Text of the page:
Getting the most from online paid advertising such as pay-per-click (PPC) campaigns requires understanding how these campaigns function. There are a number of ways to analyze the data generated from PPC efforts to determine whether or not the campaign is profitable, or if changes need to be made. By using the following basic formulas, marketing managers can calculate their return on investment (ROI) for PPC campaigns and monitor them to make adjustments as necessary.

ROAS - Return on Ad Spend

Return on Ad Spend or ROAS considers advertising costs, looking at whether the business has brought in more revenue than the money spent on advertising. To determine this, it is first necessary to ascertain the total conversion value and the total cost of advertising. This is accomplished by subtracting the advertising cost from the total conversion value. The resulting number will either be a positive or negative one. This should illustrate whether or not the campaign has provided enough returns over the cost of the advertising.

ROI - Return on Investment

A Return on Investment or ROI is one step beyond an ROAS, taking into consideration more than just advertising costs; it looks at all the costs of doing business. The formula is exactly the same except that in includes involved all costs, not just the cost of advertising. At the very lease, a PPC campaign must generate enough revenue for pay for its own ad costs. The goal of any PPC campaign is always to generate enough revenue to have a positive ROI.

Cost per Conversion

An even more detailed way to determine if a specific PPC campaign is actually working, when compared to other paid marketing campaigns, is to determine the cost of conversions from those campaigns based on form submissions. By calculating the cost of generating a form submission that actually converts, PPC managers can judge their campaign’s performance more accurately. Using the average cost of conversion - or a form submission that actually converts - divide this by the number of form submissions that actually turn into sales. The resulting amount is the cost for one conversion in that campaign. Reducing the cost per conversion requires increasing the number of form submissions that actually convert.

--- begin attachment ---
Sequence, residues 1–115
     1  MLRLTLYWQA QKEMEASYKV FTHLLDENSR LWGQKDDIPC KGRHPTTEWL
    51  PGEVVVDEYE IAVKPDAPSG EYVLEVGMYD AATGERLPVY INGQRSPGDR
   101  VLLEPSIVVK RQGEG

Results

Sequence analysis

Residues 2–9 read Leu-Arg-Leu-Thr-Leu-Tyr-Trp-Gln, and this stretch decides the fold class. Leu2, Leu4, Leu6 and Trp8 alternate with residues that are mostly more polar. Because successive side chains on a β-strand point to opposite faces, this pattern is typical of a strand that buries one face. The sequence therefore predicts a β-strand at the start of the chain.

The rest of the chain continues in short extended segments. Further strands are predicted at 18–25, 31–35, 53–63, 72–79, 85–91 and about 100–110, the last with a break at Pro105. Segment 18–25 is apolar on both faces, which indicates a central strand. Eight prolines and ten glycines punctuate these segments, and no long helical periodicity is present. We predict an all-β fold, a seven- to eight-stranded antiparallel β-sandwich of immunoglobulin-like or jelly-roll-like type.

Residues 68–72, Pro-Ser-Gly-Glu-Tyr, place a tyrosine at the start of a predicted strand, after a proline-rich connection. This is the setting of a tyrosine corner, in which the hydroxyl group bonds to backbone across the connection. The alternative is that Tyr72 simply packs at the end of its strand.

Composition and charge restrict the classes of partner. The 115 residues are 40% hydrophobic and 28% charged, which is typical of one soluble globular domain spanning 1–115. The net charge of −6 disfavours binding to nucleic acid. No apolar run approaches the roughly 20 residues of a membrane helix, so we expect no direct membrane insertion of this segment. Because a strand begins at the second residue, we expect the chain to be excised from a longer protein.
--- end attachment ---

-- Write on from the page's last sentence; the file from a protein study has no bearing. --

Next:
Profit Per Impression or Click

A good way to measure the effectiveness of a PPC campaign and if the current keywords and other campaign specifics are working is to calculate profit per ad impression or profit per click. Calculate profit per impression by dividing revenue profit by the number of impressions and calculate the profit per click by dividing the revenue profit by the number of ad clicks. Knowing these numbers help PPC managers gauge whether campaigns are correctly targeted and using the right keywords. When profit goes up and number of clicks or impressions goes down, the campaign is experiencing greater efficiency, which translates to a lower cost for paid advertising and higher rewards.

All of the four different types of calculations used to determine different types of ROI are important as each one addresses different things. When calculating the success of any paid advertising campaign, PPC managers should compare all profits or losses and analyze what this means in terms of the individual calculation and the bigger advertising picture. The goal of any PPC campaign is to spend the least amount on advertising to generate the most revenue. This requires careful campaign monitoring and knowing where and when to make changes for the best results!

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